Eleven years ago, an earthquake and subsequent tsunami battered the Daiichi Nuclear Power Plant in Fukushima, Japan, resulting in radioactive material spewing into the air, ground, and ocean. About 16,000 residents were killed from the explosions, and another 165,000 were forced to evacuate.
“I should not be here,” Eiko Otake shares in her most recent film, A Body in Fukushima (2021). But she keeps returning—for a total of five visits to the nuclear disaster site.
Otake, visiting dance artist-in-residence, began her solo work there in January 2014. Her only audience is William Johnston, John E. Andrus Professor of History, who captures her poetic performances through the camera.
A Body in Fukushima, which made its world premiere March 8, 2022 at the Museum of Modern Art’s Doc Fortnight Festival is culled from tens of thousands of Johnston’s photographs. Directed and performed by Otake, the new, 114-minute film features music performed by David Harrington of Kronos Quartet.
Otake’s introduction speech is online here. Otake and Johnston participated in a Q&A following the screening.
“My body will carry a piece of Fukushima,” Otake writes in her artists’ statement. “I hope the [viewer’s] sense of their own distance to Fukushima might also change.”
The film also selected by the Hong Kong International Movement-image Festival. The screening will be in September 2022.
A Body in Fukushima is part of Otake’s solo project titled A Body in Places. Starting with “A Body in a Station” at Philadephia’s 30th Street Station in 2014, the series has continued at more than 70 locations worldwide, including “A Body in an Observatory” at Wesleyan’s Van Vleck Observatory.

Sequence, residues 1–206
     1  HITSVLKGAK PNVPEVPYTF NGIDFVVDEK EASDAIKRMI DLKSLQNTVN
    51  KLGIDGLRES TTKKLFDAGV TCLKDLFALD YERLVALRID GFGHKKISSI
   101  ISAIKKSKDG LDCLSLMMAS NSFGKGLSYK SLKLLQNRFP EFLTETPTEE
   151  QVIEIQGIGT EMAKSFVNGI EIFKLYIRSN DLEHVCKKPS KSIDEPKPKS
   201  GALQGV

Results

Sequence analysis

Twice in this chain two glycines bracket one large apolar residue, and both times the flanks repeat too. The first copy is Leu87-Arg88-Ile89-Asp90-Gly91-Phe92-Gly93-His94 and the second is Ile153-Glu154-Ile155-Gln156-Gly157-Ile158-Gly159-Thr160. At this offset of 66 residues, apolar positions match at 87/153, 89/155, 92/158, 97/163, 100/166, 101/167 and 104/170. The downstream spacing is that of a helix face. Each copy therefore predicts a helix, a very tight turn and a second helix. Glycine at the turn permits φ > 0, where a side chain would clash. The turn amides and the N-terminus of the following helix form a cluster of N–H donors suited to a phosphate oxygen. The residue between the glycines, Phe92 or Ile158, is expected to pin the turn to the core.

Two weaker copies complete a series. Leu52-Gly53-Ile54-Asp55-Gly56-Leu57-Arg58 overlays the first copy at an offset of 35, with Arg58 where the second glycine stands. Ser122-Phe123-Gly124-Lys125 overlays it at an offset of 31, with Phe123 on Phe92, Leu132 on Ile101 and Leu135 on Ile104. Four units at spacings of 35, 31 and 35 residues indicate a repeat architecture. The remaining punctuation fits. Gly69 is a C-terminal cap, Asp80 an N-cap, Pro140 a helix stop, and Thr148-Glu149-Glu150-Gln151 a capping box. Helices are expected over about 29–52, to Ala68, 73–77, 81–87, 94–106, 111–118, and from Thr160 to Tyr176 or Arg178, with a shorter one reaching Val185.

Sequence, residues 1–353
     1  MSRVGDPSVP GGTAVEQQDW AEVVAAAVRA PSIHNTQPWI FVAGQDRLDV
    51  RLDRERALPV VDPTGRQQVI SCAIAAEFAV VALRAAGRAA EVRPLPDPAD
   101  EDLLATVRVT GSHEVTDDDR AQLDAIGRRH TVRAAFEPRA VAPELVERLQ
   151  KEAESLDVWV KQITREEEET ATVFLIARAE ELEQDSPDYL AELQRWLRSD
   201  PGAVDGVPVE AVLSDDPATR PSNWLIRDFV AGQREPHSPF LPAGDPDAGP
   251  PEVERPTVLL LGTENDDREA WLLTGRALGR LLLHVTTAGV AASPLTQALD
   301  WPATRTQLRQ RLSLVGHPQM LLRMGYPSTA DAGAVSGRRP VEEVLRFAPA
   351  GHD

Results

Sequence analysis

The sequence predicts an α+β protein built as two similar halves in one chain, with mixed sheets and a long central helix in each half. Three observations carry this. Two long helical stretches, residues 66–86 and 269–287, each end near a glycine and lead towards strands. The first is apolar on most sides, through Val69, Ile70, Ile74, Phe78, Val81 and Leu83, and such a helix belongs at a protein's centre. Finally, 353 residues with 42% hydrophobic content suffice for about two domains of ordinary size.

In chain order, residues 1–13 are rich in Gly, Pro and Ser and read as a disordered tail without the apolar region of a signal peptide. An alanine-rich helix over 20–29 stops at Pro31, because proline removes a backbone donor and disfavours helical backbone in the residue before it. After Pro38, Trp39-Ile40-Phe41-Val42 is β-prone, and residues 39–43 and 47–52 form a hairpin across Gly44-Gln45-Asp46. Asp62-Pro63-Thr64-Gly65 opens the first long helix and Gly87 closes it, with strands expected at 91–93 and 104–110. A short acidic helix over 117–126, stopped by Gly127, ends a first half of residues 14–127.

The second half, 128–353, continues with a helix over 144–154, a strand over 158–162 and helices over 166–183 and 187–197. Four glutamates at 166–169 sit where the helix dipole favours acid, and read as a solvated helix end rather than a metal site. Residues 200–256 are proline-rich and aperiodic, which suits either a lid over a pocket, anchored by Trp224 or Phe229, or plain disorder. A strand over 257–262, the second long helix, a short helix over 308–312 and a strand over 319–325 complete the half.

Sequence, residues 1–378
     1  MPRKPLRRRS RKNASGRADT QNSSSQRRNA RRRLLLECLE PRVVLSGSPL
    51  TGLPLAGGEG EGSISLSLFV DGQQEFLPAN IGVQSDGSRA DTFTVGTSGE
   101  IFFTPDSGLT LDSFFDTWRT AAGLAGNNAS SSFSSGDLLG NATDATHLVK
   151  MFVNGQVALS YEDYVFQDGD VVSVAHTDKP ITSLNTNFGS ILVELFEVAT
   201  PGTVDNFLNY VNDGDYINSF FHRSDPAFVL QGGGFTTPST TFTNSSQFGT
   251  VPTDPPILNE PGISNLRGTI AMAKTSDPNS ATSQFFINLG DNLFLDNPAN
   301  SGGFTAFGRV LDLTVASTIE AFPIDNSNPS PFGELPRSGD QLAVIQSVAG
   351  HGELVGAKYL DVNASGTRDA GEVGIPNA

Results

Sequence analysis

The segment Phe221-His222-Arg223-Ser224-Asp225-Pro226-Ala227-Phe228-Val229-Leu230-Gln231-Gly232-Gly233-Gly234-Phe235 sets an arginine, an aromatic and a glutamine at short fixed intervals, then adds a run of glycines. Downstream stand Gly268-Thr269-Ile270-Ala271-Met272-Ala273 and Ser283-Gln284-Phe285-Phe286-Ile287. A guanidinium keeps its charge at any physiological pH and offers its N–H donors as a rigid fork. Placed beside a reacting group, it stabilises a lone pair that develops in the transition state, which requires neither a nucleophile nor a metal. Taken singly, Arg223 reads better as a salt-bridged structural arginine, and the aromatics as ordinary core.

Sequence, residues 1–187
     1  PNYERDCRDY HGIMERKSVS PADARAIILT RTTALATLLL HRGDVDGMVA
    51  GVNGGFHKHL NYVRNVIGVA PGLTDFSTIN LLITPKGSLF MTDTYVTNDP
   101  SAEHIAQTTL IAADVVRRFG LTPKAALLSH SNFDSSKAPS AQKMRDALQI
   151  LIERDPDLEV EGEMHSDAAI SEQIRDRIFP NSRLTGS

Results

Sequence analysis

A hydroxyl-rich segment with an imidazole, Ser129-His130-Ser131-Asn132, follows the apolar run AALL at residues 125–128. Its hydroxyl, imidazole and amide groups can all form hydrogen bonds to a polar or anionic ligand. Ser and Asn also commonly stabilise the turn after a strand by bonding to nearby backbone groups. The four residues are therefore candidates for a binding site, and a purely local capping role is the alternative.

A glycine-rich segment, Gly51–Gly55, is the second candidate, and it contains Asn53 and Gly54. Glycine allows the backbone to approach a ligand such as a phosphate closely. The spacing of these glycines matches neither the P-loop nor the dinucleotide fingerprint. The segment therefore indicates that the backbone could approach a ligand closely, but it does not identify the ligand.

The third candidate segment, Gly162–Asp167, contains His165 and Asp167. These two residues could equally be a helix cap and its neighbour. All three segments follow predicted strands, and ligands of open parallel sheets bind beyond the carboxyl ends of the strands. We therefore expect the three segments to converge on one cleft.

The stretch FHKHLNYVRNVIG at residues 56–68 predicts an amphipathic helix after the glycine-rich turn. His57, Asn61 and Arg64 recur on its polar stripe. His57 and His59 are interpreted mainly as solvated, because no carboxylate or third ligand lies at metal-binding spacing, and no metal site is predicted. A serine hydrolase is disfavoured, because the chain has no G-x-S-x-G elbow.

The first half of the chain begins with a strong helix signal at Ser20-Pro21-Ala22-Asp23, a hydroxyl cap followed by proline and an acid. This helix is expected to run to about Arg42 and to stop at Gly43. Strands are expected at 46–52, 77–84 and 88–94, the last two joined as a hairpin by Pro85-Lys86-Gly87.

A Body in Places incorporates both performative and non-performative elements, including photo exhibitions, video installations, and film screenings. While in “a place,” Otake navigates the space—which could be a broken seawall to a crowded sidewalk—with expressive movements. The random obstacles and people she encounters while moving influence, rather than interrupt, her dance.
Many of the images in the film also appear in Otake and Johnston’s book with the same name. A Body In Fukushima (2021) showcases a curated photographic account of Otake’s ongoing performance in Fukushima and insightful essays.
In addition, Otake is prepping for the New York premier of The Duet Project: The Distance is Malleable at the NYU Skirball Theater. In this piece, she collaborates with DonChristian Jones ’12, and Iris McCloughan ’10, and shares a film made in collaboration by Alexi Moh ’15. By using promo code DUET20, the Wesleyan community can see the show for only $20.